The Supreme Court of British Columbia has upheld the B.C. Credit Union Employers’ Pension Plan’s decision to increase its normal retirement date to age 65 from age 62.

The 2016 decision — which was made by trustees to maintain the plan’s financial viability — was being challenged by a group of plan members who alleged the trustees breached their fiduciary duties and failed to warn plan members about a solvency deficit in the funding of the plan.

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In its decision, the court found no evidence that the pension plan’s trustees breached their statutory reporting obligations to either plan members or to the superintendent, nor did they act unreasonably by considering irrelevant or improper factors in selecting new trustees. “Absent such a breach, there is no basis to support the plaintiffs’ allegation of a breach of the duty to warn about possible benefit changes.”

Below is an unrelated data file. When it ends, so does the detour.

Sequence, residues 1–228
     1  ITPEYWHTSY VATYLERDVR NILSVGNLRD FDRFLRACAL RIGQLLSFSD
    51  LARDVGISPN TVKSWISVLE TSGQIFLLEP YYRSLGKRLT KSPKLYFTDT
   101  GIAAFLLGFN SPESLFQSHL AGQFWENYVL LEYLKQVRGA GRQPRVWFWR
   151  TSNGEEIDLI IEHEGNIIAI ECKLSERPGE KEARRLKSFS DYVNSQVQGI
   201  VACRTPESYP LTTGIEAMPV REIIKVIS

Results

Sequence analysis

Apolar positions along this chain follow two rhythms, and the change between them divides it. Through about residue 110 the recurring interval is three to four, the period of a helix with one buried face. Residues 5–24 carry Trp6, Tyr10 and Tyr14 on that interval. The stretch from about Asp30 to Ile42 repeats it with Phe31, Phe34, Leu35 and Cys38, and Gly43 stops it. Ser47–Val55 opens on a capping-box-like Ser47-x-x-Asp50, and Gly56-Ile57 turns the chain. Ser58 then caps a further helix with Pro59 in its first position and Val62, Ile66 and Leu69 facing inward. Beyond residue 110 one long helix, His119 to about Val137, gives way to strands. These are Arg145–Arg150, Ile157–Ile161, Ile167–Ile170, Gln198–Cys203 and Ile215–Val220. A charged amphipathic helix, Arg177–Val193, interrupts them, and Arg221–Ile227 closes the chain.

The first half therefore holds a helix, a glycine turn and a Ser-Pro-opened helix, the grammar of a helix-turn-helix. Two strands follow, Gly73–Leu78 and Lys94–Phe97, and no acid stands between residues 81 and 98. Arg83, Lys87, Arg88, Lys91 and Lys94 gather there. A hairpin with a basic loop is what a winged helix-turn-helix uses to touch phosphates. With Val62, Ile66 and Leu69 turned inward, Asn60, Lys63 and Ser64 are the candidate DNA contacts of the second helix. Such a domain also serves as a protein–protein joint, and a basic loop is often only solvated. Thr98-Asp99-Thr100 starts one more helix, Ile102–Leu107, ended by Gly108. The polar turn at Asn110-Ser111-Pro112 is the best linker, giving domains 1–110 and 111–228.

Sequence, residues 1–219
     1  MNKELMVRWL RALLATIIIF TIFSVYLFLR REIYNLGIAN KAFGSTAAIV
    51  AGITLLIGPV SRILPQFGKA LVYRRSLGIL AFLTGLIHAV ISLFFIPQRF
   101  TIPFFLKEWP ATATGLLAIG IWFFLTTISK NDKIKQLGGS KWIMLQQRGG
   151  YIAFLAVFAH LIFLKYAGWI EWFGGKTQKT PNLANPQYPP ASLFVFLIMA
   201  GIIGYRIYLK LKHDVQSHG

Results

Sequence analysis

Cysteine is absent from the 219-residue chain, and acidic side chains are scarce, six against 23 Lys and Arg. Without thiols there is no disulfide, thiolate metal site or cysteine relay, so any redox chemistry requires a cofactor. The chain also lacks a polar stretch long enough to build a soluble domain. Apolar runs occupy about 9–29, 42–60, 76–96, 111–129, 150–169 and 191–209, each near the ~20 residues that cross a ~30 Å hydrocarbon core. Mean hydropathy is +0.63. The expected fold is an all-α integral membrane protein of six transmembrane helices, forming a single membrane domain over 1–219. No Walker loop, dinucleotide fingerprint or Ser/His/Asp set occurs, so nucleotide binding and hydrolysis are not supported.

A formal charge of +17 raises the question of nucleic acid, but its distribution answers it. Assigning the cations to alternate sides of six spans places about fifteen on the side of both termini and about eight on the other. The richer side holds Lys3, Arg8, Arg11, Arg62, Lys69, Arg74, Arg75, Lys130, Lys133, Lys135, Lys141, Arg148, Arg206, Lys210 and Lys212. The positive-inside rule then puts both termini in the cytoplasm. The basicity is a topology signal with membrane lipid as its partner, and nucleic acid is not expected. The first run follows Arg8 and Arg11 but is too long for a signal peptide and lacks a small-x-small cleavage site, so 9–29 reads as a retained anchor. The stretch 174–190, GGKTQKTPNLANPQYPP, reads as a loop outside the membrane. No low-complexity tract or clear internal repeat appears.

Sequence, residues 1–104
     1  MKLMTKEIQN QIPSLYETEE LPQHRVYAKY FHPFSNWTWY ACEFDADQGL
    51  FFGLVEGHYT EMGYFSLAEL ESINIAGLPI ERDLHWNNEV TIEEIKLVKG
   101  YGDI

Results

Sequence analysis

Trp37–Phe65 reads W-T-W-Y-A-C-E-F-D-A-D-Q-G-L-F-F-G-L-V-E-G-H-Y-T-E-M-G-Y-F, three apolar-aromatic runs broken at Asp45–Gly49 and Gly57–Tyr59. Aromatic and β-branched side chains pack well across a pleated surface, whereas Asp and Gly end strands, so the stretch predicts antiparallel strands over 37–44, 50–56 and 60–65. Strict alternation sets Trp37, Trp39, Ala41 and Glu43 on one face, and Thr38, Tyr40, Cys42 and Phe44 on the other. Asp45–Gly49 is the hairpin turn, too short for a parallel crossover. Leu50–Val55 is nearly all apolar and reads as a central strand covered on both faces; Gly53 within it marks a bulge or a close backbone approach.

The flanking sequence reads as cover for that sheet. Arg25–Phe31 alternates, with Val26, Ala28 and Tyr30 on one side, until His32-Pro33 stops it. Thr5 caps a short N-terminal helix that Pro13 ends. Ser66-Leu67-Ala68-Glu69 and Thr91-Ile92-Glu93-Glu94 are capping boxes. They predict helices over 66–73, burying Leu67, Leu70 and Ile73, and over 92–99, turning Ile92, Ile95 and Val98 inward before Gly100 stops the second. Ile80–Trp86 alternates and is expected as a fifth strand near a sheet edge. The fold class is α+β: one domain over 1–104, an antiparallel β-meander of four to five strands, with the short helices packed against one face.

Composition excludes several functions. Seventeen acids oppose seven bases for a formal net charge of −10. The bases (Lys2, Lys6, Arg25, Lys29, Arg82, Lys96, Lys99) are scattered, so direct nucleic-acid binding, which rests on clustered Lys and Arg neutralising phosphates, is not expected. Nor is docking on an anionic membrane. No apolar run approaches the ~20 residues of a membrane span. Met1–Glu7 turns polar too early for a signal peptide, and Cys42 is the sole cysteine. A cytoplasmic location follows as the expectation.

The plaintiffs also alleged the trustees’ resolution to raise the retirement age, instead of contribution rates, improperly favoured the interests of participating employers. However, the court sided with the trustees, noting they considered the consequences of raising contribution rates on participating employers and the potential for these employers to withdraw from the plan.

“This is a relevant and proper factor to consider as it impacts the long-term financial viability of the plan, which is a core concern for the trustees.”

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